By Susan Dennard
The Witchlands #1
Published January 5, 2016
In a continent on the edge of war, two witches hold its fate in their hands.
Young witches Safiya and Iseult have a habit of finding trouble. After clashing with a powerful Guildmaster and his ruthless Bloodwitch bodyguard, the friends are forced to flee their home.
Safi must avoid capture at all costs as she's a rare Truthwitch, able to discern truth from lies. Many would kill for her magic, so Safi must keep it hidden - lest she be used in the struggle between empires. And Iseult's true powers are hidden even from herself.
In a chance encounter at Court, Safi meets Prince Merik and makes him a reluctant ally. However, his help may not slow down the Bloodwitch now hot on the girls' heels. All Safi and Iseult want is their freedom, but danger lies ahead. With war coming, treaties breaking and a magical contagion sweeping the land, the friends will have to fight emperors and mercenaries alike. For some will stop at nothing to get their hands on a Truthwitch.
I knew about Truthwitch since the beginning of last year. The blogosphere nearly exploded with all of the hype surrounding this book. It seemed like everyone, their mother, their mailman, and their dogs loved this book.
But I am not included in that group.
The truth is that Truthwitch is an alright book, but I did not find anything spectacular about it.
I did not find anything particularly creative about the world. I mean, the land was called the Witchlands and the magic was called witchery. The dull names may have make things easier to pronounce unlike most fantasy books, but it also made the story sound more generic and made up.
The world might have been more impressive if it was actually described and explained. I spent half of the book trying to figure out where the characters actually were and what kind of magic system there was. It seemed as if the world was mish-mashed together. The magic system was not explained well, and I was confused pretty much whenever something magical was happening. Which was quite often considering this is a fantasy novel.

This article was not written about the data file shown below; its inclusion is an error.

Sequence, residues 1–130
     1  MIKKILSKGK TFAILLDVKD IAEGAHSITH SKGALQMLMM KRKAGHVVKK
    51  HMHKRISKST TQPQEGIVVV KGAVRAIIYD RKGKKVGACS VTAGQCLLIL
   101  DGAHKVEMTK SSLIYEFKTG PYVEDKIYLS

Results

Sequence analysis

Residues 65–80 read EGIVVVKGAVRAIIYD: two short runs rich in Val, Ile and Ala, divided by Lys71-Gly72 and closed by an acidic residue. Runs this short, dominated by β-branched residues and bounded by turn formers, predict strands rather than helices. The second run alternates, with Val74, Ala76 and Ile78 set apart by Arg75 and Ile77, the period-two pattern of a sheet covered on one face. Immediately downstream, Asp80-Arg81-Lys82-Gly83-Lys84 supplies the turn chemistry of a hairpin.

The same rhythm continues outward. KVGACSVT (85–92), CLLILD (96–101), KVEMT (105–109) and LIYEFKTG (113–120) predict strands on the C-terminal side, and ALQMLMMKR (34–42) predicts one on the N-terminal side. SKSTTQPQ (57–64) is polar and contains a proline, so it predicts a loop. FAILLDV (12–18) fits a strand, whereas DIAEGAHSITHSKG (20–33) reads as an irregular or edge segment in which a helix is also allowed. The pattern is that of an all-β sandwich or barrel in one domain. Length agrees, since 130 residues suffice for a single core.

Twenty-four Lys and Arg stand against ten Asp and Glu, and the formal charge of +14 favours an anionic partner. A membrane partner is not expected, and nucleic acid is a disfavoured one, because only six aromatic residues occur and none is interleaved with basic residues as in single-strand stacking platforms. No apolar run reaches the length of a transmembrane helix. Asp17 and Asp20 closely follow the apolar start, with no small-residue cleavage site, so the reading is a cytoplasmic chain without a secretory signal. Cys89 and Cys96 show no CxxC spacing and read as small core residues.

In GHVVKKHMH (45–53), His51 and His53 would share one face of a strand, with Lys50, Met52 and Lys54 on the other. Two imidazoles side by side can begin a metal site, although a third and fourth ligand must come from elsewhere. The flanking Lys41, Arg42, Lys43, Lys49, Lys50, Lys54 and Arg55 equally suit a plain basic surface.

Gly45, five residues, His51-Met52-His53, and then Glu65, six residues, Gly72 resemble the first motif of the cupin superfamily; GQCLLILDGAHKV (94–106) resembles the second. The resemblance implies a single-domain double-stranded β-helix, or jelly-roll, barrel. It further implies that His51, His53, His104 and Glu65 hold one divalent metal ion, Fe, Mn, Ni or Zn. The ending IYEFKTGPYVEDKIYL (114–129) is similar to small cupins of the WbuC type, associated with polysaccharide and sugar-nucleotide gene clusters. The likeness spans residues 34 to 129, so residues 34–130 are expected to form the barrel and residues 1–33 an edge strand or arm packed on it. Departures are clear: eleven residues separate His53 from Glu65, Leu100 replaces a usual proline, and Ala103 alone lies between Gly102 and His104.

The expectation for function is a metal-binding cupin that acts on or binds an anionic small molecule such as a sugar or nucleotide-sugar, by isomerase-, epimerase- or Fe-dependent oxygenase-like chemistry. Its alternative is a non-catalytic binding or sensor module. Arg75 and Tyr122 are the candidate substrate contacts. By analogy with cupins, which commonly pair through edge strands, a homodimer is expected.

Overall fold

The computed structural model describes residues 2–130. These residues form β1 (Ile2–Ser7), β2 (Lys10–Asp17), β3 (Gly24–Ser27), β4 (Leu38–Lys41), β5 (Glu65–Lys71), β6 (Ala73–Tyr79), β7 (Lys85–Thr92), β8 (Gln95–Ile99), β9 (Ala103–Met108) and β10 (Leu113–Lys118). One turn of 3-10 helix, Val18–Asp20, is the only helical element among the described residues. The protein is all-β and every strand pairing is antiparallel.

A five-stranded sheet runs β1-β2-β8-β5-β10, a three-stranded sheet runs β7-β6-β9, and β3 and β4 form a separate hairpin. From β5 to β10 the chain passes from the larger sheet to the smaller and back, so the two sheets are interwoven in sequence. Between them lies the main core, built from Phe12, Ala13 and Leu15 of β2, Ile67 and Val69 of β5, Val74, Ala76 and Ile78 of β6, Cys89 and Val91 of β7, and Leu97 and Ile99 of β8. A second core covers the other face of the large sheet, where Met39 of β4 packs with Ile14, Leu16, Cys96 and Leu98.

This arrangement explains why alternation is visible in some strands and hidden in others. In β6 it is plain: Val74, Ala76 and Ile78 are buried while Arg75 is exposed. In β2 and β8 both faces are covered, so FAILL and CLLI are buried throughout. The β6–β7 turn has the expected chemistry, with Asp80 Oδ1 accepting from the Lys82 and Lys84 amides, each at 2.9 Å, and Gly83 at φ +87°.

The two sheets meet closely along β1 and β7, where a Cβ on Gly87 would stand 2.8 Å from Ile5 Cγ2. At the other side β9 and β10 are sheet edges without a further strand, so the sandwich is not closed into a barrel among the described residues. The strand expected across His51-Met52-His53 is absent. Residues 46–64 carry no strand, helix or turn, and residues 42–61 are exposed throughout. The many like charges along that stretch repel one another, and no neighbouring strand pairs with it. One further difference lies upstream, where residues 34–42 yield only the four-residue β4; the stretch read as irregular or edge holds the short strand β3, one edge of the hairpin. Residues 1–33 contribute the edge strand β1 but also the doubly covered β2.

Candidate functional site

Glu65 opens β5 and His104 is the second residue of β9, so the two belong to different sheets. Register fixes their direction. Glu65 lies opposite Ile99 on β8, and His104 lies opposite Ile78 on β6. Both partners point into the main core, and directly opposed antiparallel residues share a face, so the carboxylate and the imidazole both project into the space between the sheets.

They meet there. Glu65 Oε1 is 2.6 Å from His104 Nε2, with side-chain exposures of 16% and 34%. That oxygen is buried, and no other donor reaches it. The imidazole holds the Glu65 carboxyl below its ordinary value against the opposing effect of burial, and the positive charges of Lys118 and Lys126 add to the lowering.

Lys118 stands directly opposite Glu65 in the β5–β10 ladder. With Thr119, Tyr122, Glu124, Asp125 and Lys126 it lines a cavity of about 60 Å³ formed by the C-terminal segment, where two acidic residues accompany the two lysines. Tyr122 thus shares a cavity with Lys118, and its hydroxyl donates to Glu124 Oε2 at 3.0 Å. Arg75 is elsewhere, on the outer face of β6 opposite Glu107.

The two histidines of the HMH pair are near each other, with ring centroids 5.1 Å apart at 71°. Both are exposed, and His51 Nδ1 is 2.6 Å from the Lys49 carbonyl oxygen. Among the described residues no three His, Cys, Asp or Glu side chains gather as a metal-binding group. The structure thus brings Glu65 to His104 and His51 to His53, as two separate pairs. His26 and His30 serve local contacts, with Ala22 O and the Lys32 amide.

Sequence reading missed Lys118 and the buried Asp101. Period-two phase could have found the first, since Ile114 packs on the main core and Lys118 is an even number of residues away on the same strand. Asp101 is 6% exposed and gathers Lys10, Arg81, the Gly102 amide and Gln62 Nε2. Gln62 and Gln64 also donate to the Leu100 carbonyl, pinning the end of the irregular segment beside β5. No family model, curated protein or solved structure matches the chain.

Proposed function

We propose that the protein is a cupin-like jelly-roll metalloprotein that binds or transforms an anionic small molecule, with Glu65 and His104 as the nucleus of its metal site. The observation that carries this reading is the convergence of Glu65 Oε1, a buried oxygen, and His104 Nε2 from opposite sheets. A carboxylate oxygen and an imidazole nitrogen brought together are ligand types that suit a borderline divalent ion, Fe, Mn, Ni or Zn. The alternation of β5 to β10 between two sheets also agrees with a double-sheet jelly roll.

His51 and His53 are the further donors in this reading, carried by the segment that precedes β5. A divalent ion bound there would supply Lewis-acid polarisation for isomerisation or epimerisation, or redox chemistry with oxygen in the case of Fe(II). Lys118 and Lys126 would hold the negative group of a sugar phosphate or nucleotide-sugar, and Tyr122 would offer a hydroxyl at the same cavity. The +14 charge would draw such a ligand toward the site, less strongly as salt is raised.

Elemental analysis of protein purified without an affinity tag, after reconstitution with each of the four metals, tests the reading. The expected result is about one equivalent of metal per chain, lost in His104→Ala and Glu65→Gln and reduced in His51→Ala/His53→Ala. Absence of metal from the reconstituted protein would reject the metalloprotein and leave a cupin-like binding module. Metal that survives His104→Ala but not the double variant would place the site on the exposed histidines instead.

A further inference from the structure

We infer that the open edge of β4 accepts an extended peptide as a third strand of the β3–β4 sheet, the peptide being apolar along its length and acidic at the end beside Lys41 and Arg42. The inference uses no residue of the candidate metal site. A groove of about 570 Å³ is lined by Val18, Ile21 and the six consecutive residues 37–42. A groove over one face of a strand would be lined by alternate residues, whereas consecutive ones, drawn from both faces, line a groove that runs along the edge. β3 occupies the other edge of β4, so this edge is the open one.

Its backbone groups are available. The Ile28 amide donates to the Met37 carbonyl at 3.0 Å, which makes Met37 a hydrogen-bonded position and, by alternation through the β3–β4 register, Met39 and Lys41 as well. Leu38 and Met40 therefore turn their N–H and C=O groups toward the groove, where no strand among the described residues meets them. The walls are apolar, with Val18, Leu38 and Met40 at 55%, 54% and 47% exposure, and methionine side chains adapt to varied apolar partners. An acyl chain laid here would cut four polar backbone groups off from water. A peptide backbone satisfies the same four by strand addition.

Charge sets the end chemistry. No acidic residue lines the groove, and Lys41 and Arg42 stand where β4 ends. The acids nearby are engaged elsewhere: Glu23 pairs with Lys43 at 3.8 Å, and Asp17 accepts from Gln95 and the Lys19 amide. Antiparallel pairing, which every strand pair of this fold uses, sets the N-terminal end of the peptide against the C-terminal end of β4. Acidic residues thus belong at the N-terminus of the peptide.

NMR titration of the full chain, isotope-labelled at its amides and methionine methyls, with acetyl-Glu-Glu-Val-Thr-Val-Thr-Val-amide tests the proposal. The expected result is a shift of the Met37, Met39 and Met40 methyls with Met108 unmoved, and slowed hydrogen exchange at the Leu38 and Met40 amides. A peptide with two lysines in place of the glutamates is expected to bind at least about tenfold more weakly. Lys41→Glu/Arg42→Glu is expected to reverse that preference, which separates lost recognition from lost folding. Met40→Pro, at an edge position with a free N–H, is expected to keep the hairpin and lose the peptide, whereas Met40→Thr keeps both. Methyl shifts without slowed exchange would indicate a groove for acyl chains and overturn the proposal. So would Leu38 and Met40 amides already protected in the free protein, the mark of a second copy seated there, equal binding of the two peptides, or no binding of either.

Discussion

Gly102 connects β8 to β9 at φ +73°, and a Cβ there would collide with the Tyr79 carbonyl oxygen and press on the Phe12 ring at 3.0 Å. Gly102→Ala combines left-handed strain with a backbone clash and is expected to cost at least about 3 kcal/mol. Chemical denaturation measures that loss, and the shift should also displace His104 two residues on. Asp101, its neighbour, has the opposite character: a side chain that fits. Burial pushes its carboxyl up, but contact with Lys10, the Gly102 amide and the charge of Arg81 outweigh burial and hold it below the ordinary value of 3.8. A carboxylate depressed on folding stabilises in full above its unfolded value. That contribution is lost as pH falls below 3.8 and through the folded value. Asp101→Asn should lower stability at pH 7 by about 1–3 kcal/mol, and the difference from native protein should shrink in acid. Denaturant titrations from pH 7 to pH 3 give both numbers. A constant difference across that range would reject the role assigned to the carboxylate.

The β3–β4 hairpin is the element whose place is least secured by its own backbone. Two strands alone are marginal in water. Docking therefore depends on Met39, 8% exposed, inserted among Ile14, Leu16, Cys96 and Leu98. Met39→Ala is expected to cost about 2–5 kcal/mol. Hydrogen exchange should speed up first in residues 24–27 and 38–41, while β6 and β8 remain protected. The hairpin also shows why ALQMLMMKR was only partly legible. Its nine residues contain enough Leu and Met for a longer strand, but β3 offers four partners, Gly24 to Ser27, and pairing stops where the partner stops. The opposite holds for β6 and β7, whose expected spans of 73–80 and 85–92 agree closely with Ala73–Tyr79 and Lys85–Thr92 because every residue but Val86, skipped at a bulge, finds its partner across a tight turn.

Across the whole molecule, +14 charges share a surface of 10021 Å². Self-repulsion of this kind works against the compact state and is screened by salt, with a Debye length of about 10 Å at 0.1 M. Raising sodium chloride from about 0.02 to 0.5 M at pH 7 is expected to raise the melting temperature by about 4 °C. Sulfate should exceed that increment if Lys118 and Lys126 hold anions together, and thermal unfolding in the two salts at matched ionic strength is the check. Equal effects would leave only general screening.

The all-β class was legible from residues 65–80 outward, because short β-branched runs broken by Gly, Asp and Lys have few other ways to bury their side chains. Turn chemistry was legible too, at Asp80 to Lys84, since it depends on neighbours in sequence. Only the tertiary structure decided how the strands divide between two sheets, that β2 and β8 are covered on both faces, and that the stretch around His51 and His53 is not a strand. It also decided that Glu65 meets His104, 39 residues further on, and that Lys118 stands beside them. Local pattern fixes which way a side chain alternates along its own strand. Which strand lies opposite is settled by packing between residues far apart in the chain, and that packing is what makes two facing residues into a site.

I also found it a tad predictable. Things were set up exactly like I thought they would be. Let's just say that Safiya's two big revelations during the novel were not surprises to me. The major hints were dropped in the beginning, which lessened the surprise and my reaction to what was supposed to be a 'huge reveal.'
The characters in the novel were actually quite amazing. If the rest of the book was as amazing as the characters, then it would be worth twice all of the hype it got. I loved the connection between Safiya and Iseult. It is pretty rare in YA, especially fantasy, to see such a strong friendship between two girls. I loved how they looked out for each other and played to each other's strengths and weaknesses. The character development was also quite impressive. I loved how Safiya started as an ignorant girl who refused to take the responsibility of her power and title, yet ended up as a woman in charge of her own destiny, as well as the fate of her nation.
As much as I liked Safiya and Iseult, I have to say that Merik is my favorite character. He was not your typical prince charming, with his failing kingdom, strict sense of duty, and bouts of uncontrollable anger. He was the perfect mix of perfect and flawed. Instead of being irresistibly charming and handsome like most princes in YA today, he was weatherworn and socially challenged. Which I think made him an even better prince. Also, his perspective was distinct and impressively male. That might seem like a weird thing to say (and I am not denying that) but sometimes I find it hard to differentiate between male and female perspectives. Some authors will write the male perspectives exactly like the female perspectives, which is a pet peeve of mine. Males are very different from females, but that does not always translate in writing. I am glad that Merik sounded different from Safiya and Iseult.
While I looked Safiya's and Merik's characters separately, I was not a fan of the romance. It was completely unnecessary to the plot and distracted from other things that could have been elaborated on, like the history of the world and its magic system. Their attraction seemed more like lust than anything else, which is fine expect for the fact that it was passed off as love. I saw nothing between Merik and Safiya that even hints at love. Sure, they were attracted to each other and the Threads might have said that they were soul mates, but I was never truly convinced that they had substantial feelings for each other.
I just did not find the magic that most people did within this book. While the characters were dynamic and the magic system was interesting, the confusion and the abrupt pacing of the novel counteracted the potential of the novel.
Have you succumbed to the hype yet and read Truthwitch? What do you think about overly hyped books? Have you ever been disappointed with books that everyone else loves? Do you have trouble differentiating between male and female perspectives?